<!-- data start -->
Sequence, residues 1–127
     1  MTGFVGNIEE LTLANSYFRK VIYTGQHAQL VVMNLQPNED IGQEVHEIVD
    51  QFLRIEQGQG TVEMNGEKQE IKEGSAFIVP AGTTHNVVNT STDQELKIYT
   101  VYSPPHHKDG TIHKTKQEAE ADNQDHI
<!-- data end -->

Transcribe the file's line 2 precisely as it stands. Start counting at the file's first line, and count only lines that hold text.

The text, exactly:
     1  MTGFVGNIEE LTLANSYFRK VIYTGQHAQL VVMNLQPNED IGQEVHEIVD